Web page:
Postpartum OCD is a type of postpartum anxiety disorder. It is characterized by intrusive thoughts and behaviors that are in response to a perceived danger toward their baby. These thoughts and behaviors are constant and repetitive, and they can severely disrupt daily life. Postpartum OCD is a severe condition that requires treatment in order to manage and control symptoms. Women with postpartum OCD are aware of their intrusive thoughts but they cannot control them. Instead, the thoughts cause counteractive behaviors and other symptoms as well.


Sadly, my OB didn’t  ask me if I worried about someone hurting my baby every single minute of the day. She didn’t talk about intrusive thoughts or obsessive behaviors. She never mentioned that hearing voices telling you to swerve into oncoming traffic was abnormal could be treated. And I certainly didn’t ask!

I would bet your OB never asked your or your partner that either. Because of this Postpartum OCD it is severely underdiagnosed.

 The Problem I’m Chewing On- The Gift of Prophecy

I was raised in evangelical Christianity in many different denominations and many different churches. Some supported the gift of prophecy and some acted like it didn’t exist. While I’ve been dismantling and deconstructing many of the toxic beliefs I was taught the last few years, prophecy is not one of them. I’m all about the prophetic words. I find the gift of prophecy fascinating.

I was told by someone with a prophetic gift that someday my hands would bring healing to many. Those words have mulled around in my head ever since. I didn’t know what it meant, yet! Then a couple weeks ago my bestie sent me a prophetic word from someone else about a stirring she felt from the Lord that it was time for the writers to write again. And I’ve been wondering if the two are connected. 

My writing is halted by fear often. But what if that prophetic word of bringing healing to others was about the words my fingers would type? Or, even the music my fingers would play now that I have full function in my limbs again after cervical disc replacement surgery. What if?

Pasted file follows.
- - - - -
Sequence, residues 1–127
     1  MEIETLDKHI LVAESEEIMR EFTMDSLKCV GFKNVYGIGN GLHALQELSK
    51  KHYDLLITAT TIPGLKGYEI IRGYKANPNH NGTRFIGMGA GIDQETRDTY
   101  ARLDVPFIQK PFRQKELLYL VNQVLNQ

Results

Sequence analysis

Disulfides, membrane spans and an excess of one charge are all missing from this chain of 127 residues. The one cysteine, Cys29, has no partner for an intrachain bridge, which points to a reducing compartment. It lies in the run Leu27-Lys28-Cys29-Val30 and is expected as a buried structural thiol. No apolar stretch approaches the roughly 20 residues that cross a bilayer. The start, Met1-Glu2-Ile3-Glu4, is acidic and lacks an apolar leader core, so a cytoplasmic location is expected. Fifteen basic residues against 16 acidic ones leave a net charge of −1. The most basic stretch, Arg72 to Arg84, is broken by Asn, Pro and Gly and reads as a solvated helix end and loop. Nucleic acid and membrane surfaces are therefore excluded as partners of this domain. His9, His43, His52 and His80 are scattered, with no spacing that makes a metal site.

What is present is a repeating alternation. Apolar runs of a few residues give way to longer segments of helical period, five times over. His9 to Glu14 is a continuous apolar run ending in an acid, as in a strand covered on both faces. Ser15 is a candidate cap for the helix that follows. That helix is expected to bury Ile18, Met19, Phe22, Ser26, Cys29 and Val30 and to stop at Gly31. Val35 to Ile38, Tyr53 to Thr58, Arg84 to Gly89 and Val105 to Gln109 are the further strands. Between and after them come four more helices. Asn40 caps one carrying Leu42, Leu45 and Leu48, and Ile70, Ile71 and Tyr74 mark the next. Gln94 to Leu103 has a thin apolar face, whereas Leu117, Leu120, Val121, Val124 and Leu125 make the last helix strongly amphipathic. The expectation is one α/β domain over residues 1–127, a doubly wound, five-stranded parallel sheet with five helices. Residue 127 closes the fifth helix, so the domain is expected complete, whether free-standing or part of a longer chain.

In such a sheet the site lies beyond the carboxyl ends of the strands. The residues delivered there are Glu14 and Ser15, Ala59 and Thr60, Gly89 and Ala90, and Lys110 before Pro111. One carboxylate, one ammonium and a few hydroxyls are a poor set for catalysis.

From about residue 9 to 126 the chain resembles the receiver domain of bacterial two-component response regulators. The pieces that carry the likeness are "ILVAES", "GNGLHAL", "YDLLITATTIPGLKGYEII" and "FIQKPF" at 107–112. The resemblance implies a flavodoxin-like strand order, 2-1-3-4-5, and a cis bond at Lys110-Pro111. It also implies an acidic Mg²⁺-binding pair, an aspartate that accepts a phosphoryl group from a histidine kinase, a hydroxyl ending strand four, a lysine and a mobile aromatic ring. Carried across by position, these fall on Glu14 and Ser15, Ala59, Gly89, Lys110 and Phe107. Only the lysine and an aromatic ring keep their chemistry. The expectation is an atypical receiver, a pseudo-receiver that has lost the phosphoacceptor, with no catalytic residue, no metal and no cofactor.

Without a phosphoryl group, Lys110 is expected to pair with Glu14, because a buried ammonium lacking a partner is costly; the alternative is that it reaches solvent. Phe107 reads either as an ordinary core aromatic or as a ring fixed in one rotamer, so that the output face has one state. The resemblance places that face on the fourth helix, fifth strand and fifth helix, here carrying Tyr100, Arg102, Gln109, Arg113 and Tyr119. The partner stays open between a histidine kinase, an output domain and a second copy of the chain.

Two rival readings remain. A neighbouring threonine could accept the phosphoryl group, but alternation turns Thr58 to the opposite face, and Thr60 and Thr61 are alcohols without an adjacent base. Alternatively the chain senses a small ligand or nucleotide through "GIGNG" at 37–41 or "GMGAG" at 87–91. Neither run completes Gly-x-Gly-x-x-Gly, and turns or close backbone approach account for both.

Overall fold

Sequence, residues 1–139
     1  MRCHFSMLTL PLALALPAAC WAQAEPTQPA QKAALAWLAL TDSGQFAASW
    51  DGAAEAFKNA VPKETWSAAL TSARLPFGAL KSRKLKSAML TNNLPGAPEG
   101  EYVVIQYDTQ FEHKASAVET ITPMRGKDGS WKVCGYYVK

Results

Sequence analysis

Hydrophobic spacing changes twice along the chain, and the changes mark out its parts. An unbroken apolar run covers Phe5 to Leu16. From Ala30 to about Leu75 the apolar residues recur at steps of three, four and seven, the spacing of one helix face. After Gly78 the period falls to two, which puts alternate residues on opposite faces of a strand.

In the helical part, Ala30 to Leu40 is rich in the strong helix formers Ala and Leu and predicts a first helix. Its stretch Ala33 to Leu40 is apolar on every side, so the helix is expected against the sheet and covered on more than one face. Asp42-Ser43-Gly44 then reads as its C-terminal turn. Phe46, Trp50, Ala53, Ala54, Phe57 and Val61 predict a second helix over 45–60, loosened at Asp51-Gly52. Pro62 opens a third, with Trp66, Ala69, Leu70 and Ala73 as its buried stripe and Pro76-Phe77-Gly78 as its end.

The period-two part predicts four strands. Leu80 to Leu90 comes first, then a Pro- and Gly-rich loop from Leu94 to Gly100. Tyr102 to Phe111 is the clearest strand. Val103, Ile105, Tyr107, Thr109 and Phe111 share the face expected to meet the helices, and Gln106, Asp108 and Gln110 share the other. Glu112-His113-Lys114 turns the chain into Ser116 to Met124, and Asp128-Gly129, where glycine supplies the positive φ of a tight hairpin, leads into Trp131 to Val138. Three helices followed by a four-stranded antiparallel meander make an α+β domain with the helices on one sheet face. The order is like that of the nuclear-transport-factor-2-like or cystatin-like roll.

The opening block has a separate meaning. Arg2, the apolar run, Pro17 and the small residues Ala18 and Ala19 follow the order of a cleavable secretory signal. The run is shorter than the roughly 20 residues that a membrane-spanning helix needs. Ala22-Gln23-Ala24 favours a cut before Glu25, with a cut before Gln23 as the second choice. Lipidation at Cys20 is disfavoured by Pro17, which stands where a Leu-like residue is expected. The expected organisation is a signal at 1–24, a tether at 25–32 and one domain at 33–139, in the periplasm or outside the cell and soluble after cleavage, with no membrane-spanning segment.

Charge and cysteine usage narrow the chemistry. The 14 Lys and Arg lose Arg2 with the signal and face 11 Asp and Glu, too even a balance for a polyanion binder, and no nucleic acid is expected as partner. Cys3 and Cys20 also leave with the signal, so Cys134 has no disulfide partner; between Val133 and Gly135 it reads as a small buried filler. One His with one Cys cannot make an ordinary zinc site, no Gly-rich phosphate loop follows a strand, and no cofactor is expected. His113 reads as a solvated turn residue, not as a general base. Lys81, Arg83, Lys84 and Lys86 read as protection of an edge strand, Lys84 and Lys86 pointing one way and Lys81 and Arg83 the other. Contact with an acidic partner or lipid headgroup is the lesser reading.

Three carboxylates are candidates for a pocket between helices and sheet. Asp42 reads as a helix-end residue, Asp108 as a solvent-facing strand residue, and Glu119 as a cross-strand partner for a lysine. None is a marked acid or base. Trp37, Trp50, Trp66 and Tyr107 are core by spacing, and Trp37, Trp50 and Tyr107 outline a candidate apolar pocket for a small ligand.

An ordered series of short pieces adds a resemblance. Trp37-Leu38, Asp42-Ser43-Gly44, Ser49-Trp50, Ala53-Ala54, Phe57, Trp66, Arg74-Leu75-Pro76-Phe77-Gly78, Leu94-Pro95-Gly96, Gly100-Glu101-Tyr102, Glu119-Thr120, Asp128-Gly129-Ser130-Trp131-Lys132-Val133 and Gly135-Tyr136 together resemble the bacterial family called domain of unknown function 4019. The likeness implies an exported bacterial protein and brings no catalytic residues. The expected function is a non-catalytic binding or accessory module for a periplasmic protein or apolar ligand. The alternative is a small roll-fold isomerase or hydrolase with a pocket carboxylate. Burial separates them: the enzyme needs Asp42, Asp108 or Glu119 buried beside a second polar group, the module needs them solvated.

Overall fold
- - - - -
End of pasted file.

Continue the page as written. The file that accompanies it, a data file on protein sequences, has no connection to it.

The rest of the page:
The Problem I’m Chewing On- Pandemic Life One Year Later 

How is it one year already? How much longer before a sense of normalcy returns? What does normal even mean? Do my puzzles miss me? And, how long will it take us to eat through the bags and bags of pancake mix I stress bought when the grocery store shelves were empty?

No one knows. 

With grace and grit, 


Before you go, here are three ways to stay in touch: 

How to Build Resilience During Covid-19

Resilience: The ability to recover readily from illness, depression, adversity, or the like; buoyancy. 

As I write this post, we find ourselves in the midst of a global pandemic with Covid 19. It’s crazy times guys! If you are reading this in real time you are probably practicing social distancing and staying home to do your part to not spread the virus to our vulnerable populations.  

Business are having to pivot, Schools are closing, hospitals are filling up, and we all find ourselves in uncharted territory. Now is the perfect time to focus on that skill of resilience.  

Resilience means you can recover quickly from adversity. You bounce back when life gets hard and challenges come. Like a rubber band.